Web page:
The foreman of the Grand Jury promptly reported the foregoing facts and the judge at once heard the recalcitrant witnesses; but as the record contains no detailed statement of what then occurred we cannot know the exact circumstances. The court, being of opinion “that each and all of said questions are proper and that the answers thereto would not tend to incriminate the witnesses," directed them to return before the Grand Jury and reply. Appearing there, Mason again refused to answer the first question propounded to him, but, half

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yielding to frustration, said in response to the second, “I don't know.” Hanson refused to answer either question.

A second report was presented by the foreman; the witnesses were once more brought into court; and after hearing evidence adduced by both sides and arguments of counsel they were adjudged in contempt. It was further ordered "that they each be fined in the sum of one hundred dollars, and that they each be imprisoned until they comply with the orders of the court by answering the questions.” Immediately following this order they made answers, but these are not set out in the record. The fines are unpaid; and we are asked to reverse the trial court's action in undertaking to impose them because it conflicts with the inhibition of the Fifth Amendment that no person shall be compelled in any criminal case to be a witness against himself.?'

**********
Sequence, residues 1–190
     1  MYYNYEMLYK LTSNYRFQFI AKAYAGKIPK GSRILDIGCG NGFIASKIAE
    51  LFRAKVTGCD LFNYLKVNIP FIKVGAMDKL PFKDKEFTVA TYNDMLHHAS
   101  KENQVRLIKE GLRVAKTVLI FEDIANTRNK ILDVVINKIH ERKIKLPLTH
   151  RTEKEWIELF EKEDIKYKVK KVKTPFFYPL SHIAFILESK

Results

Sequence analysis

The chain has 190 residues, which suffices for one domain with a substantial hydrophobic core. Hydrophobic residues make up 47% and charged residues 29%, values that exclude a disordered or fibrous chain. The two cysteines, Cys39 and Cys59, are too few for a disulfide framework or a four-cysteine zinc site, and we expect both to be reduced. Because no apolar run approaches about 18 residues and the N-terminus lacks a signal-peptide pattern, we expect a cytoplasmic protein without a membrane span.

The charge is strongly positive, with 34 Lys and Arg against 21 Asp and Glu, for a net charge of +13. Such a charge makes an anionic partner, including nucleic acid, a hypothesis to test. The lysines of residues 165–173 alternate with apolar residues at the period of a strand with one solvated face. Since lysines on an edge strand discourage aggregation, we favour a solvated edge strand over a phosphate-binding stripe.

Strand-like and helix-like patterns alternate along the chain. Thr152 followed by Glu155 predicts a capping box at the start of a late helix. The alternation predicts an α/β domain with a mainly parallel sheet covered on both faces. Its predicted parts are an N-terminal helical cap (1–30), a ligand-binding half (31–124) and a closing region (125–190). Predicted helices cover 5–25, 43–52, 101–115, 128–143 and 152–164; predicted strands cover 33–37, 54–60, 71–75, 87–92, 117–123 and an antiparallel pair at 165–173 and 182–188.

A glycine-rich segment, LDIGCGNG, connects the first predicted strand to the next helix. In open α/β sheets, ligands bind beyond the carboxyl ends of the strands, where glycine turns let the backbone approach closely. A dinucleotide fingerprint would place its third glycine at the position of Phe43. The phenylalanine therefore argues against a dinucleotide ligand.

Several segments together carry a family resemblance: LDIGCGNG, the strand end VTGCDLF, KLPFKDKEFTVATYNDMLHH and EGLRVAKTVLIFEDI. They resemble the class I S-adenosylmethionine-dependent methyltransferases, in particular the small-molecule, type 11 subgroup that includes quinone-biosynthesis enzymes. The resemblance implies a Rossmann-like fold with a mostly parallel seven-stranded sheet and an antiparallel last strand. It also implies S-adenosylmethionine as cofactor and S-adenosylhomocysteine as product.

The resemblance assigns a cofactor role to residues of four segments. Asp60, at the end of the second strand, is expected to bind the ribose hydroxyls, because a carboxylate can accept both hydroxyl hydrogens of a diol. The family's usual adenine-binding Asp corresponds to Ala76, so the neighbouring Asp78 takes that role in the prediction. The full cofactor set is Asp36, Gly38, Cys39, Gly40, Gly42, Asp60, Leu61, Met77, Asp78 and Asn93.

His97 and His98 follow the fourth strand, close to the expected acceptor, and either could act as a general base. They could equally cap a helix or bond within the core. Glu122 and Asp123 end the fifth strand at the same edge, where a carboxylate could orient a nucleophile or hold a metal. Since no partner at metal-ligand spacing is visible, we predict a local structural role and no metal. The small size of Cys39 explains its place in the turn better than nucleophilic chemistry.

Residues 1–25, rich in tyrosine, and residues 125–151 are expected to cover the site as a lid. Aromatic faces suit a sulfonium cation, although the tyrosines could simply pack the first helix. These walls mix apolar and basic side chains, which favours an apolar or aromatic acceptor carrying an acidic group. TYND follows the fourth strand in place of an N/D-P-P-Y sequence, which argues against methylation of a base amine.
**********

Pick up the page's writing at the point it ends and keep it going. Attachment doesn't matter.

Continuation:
During the trial of Aaron Burr, In re Willie, 25 Fed. Cas. No. 14,692e, pp. 38, 39, the witness was required to answer notwithstanding his refusal upon the ground that he might thereby incriminate himself. Chief Justice Marshall announced the applicable doctrine as follows: "When two principles come in conflict with each other, the court must give them both a reasonable construction, so as to preserve them both to a reasonable extent. The principle which entitles the United States to the testimony of every citizen, and the principle by which every witness is privileged not to accuse himself, can neither of them be entirely disregarded. They are believed both to be preserved to a reasonable extent, and according to the true intention of the rule and of the exception to that rule, by observing that course which it is conceived courts have generally observed. It is this: When a question is propounded, it belongs to the court to consider and to decide whether any direct answer to it can implicate the witness. If this be decided in the